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Defense Budget Sequester Looms in Election Year

by Kymberly Bays, published

As a result of failed deficit reduction negotiations, more than $500 billion is set to be cut automatically from the defense budget beginning January 2013. Combined, the Pentagon's budget is on a path to $1 trillion in reductions over the next ten years. National attention on diverting from the automatic sequester arrives just in time for November's election, as budgets, livelihoods and political careers remain in limbo.

The Bipartisan Policy Center reports, "the full defense and non-defense sequester cuts for just next year could-due to their arbitrary and abrupt nature-reduce U.S. gross domestic product by roughly half a percentage point in 2013 and cause more than one million jobs to be lost of the course of two years."

The Budget Control Act of 2011, which increased the debt ceiling, also created the Joint Select Committee on Deficit Reduction who were tasked to make $1.2 trillion in federal spending cuts. When the bipartisan "supercommittee" failed to reach an agreement, sequestration process came into effect. An additional cut to funding is scheduled to occur on January 2, 2013 if an alternative is not found.

Figures put the resulting defense budget $28 billion below President Obama's original proposal for 2013.

The sequester provision was designed to encourage cooperation, but partisan deadlock in Washington saw budget deadlines come and go with no compromise in sight.

“I think the supercommittee tried, but there is a lack of political will in this town to get things done,” House Armed Services Committee Chairman Rep. Buck McKeon (R-CA) said. "We put ourselves in a very, very bad position.”

For now, the defense industry ramps up lobbying efforts in an attempt to avoid dreaded sequestration. Lockheed Martin Corp. projects significant layoffs if the automatic cuts are not resolved or delayed before October.

American Progress reports, "Sequestration will cut government contracts with private industry in the coming year by about 10 percent, or $50 billion."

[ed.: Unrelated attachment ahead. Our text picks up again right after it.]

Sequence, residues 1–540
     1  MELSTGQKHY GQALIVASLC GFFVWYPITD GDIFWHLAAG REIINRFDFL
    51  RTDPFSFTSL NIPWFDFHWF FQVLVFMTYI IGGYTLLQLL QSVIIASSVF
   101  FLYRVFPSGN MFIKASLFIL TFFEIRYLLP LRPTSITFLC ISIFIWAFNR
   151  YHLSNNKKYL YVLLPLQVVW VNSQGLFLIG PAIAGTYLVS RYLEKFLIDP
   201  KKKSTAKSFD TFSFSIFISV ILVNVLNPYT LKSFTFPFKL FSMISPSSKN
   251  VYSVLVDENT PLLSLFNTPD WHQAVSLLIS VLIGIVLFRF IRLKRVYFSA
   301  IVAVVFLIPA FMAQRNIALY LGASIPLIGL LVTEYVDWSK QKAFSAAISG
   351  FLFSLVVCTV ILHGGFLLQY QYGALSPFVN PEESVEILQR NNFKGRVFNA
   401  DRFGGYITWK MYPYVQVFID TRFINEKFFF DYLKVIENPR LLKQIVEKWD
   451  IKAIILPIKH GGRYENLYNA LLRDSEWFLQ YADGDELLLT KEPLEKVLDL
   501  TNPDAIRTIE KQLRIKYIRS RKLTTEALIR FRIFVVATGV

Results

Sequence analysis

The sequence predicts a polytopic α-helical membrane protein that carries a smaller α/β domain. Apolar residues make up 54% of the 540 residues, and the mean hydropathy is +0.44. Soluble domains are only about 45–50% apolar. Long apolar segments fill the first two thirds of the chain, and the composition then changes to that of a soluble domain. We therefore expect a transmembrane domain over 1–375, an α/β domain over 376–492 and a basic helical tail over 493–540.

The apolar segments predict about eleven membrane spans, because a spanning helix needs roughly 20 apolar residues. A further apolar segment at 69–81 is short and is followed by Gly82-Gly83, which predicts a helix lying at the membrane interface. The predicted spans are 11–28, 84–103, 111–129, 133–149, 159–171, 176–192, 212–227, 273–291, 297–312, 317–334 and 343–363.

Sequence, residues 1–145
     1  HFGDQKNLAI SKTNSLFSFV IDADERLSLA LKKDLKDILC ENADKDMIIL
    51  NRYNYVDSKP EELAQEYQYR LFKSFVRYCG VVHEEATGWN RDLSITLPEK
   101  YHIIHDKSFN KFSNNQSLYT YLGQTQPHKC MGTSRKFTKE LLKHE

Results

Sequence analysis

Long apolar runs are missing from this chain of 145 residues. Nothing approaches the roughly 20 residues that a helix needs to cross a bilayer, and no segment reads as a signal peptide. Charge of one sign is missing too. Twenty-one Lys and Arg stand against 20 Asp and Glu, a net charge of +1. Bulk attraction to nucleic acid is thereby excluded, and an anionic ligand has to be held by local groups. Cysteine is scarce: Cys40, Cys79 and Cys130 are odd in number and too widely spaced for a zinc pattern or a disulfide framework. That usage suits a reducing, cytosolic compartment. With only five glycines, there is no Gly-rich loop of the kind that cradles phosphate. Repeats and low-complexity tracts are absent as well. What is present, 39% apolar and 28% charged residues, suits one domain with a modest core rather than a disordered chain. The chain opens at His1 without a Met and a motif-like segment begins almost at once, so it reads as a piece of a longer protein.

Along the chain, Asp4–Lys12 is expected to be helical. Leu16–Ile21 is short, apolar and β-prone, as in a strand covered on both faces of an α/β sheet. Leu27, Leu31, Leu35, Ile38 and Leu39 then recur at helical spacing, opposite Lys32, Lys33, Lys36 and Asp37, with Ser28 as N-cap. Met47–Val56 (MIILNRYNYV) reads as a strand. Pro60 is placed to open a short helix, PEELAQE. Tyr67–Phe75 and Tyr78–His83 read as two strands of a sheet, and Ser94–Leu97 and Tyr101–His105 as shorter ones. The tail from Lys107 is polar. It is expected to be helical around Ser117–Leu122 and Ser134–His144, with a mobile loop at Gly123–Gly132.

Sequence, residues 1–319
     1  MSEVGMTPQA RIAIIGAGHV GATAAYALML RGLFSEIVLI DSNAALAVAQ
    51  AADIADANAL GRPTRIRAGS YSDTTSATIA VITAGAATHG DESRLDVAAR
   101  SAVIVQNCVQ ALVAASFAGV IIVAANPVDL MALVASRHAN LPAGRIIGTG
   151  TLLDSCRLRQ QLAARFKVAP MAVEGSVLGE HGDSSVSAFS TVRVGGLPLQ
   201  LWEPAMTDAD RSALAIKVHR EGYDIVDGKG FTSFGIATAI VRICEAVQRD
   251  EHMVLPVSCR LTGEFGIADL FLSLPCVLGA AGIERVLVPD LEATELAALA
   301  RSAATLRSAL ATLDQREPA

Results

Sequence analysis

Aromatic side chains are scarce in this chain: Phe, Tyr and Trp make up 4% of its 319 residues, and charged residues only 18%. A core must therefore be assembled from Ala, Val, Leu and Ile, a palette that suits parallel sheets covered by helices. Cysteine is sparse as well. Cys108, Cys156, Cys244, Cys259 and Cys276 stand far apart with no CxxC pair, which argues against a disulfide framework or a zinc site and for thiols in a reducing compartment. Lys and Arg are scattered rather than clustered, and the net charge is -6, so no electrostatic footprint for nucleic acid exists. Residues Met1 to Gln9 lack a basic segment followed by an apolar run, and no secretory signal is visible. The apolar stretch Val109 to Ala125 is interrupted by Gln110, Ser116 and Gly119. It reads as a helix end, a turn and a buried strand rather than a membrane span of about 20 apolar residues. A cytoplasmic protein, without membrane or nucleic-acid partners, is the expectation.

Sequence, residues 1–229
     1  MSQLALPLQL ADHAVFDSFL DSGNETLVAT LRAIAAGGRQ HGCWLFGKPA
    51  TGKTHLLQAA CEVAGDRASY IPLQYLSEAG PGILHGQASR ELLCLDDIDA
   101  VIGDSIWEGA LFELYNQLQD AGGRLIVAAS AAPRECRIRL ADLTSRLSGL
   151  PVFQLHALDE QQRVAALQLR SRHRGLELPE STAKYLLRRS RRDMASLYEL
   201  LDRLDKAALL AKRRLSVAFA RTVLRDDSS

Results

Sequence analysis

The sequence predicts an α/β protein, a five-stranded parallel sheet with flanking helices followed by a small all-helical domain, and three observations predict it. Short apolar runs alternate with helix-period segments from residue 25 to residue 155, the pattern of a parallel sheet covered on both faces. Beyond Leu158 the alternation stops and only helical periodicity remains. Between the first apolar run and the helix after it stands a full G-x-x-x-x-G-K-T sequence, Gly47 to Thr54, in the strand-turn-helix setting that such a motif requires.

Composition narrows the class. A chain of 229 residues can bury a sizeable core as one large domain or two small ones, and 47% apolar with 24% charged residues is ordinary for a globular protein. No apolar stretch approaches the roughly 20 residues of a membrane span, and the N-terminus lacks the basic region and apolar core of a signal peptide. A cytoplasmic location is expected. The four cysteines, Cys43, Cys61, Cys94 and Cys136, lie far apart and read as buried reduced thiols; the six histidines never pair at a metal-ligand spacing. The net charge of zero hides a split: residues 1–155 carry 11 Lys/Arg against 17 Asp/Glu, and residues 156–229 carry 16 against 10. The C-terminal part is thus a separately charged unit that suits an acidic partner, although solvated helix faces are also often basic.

The Supreme Court's imminent health care ruling will affect budget dynamics even further. As Politico reports, if portions of the Affordable Care Act are repealed, billions of appropriated funds could be freed up and reopen budget discussions. The ACA's individual mandate is projected to cost $282 billion over ten years, according to the Congressional Budget Office. Legislators and lobbyists may seek to turn earmarked funding for health care towards the Pentagon's budget if the Supreme Court finds the reform law's individual mandate unconstitutional.

According to the study by the Bipartisan Policy Center the sequester would indiscriminately cut 15% of the defense budget "at the program, project, and activity level".

"The arbitrary nature of the sequester cuts will degrade U.S. military capabilities and readiness, undermining the effectiveness of any credible defense strategy, including President Obama's Strategic Guidance, without accomplishing any sensible and necessary reforms to the defense budget."

The political environment of an election year does not favor a solution before November. Members of Congress are preoccupied with keeping their seats safe before November. Furthermore, the prospect of a lame duck congressional session after elections doesn't instill much confidence in a timely solution. In places like Florida and Colorado, possible fall layoffs could play a huge factor in the outcome of the presidential election. Yet, as last summer's budget showdown illustrated, the President's options for avoiding budget catastrophe may be limited.

A rally held today in Melbourne, FL drew attention to the economic impact cuts in defense and aerospace industries could have on the swing state on an individual level. Approximately 40,000 people are employed by defense firms in Florida and the latest study by the National Association of Manufacturers put the state fourth in projected job loss.

The study found 1 million jobs would be lost in 2014 if the sequester cuts take place, increasing the unemployment rate by 0.7 percent. California will be hit the hardest, with 148,000 jobs projected to be lost. Virginia and Texas follow closely.

"Congress must act to prevent this, and we must act as soon as possible," ranking member of the House Armed Services Committee Rep. Adam Walsh (D-WA) wrote yesterday in an op-ed for Politico. "Even though the cuts are not scheduled to begin kicking in until January, defense contractors are preparing for those cuts by laying off employees and hurting our economy right now. They cannot simply cross their fingers and hope sequestration does not happen."

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